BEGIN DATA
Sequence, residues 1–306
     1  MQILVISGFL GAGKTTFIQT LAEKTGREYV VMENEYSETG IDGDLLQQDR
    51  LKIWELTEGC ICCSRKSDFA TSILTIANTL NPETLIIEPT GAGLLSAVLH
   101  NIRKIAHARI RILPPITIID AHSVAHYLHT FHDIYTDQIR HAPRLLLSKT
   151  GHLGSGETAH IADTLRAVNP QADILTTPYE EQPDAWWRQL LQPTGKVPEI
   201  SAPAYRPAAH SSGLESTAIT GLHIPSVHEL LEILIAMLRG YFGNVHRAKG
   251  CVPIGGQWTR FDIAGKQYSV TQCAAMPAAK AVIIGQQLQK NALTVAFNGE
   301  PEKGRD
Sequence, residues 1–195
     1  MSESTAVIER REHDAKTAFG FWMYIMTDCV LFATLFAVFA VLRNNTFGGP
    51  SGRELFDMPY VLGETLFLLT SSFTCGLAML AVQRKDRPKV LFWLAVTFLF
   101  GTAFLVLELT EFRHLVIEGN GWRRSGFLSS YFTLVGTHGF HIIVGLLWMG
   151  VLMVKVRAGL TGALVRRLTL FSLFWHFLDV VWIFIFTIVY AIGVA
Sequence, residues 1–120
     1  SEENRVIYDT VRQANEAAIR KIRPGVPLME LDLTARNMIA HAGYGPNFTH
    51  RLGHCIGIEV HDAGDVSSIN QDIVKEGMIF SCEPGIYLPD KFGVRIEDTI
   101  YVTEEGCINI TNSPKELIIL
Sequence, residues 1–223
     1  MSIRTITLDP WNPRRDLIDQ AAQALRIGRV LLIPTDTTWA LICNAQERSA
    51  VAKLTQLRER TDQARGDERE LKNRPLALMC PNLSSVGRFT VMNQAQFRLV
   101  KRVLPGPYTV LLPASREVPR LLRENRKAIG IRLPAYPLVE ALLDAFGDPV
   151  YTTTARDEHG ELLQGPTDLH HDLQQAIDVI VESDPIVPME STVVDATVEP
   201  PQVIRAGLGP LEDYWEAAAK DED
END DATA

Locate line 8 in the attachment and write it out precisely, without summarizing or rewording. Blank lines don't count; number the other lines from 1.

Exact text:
   301  PEKGRD